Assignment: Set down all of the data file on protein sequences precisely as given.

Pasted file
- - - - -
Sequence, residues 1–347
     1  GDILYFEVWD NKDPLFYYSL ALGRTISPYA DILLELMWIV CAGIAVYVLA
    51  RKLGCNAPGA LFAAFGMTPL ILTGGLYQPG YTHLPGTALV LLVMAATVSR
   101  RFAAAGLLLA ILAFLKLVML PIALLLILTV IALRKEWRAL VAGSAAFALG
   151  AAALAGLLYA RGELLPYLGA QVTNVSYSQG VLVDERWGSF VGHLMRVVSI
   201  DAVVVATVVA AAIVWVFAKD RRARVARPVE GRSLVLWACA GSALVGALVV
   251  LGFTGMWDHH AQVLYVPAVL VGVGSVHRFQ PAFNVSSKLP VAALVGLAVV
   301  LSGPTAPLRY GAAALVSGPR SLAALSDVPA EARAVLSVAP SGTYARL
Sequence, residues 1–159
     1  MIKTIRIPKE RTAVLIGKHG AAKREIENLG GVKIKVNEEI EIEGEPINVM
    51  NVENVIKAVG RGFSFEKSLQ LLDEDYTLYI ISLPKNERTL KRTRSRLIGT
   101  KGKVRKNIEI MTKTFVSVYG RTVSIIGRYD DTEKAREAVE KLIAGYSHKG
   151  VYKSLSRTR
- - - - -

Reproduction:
Sequence, residues 1–347
     1  GDILYFEVWD NKDPLFYYSL ALGRTISPYA DILLELMWIV CAGIAVYVLA
    51  RKLGCNAPGA LFAAFGMTPL ILTGGLYQPG YTHLPGTALV LLVMAATVSR
   101  RFAAAGLLLA ILAFLKLVML PIALLLILTV IALRKEWRAL VAGSAAFALG
   151  AAALAGLLYA RGELLPYLGA QVTNVSYSQG VLVDERWGSF VGHLMRVVSI
   201  DAVVVATVVA AAIVWVFAKD RRARVARPVE GRSLVLWACA GSALVGALVV
   251  LGFTGMWDHH AQVLYVPAVL VGVGSVHRFQ PAFNVSSKLP VAALVGLAVV
   301  LSGPTAPLRY GAAALVSGPR SLAALSDVPA EARAVLSVAP SGTYARL
Sequence, residues 1–159
     1  MIKTIRIPKE RTAVLIGKHG AAKREIENLG GVKIKVNEEI EIEGEPINVM
    51  NVENVIKAVG RGFSFEKSLQ LLDEDYTLYI ISLPKNERTL KRTRSRLIGT
   101  KGKVRKNIEI MTKTFVSVYG RTVSIIGRYD DTEKAREAVE KLIAGYSHKG
   151  VYKSLSRTR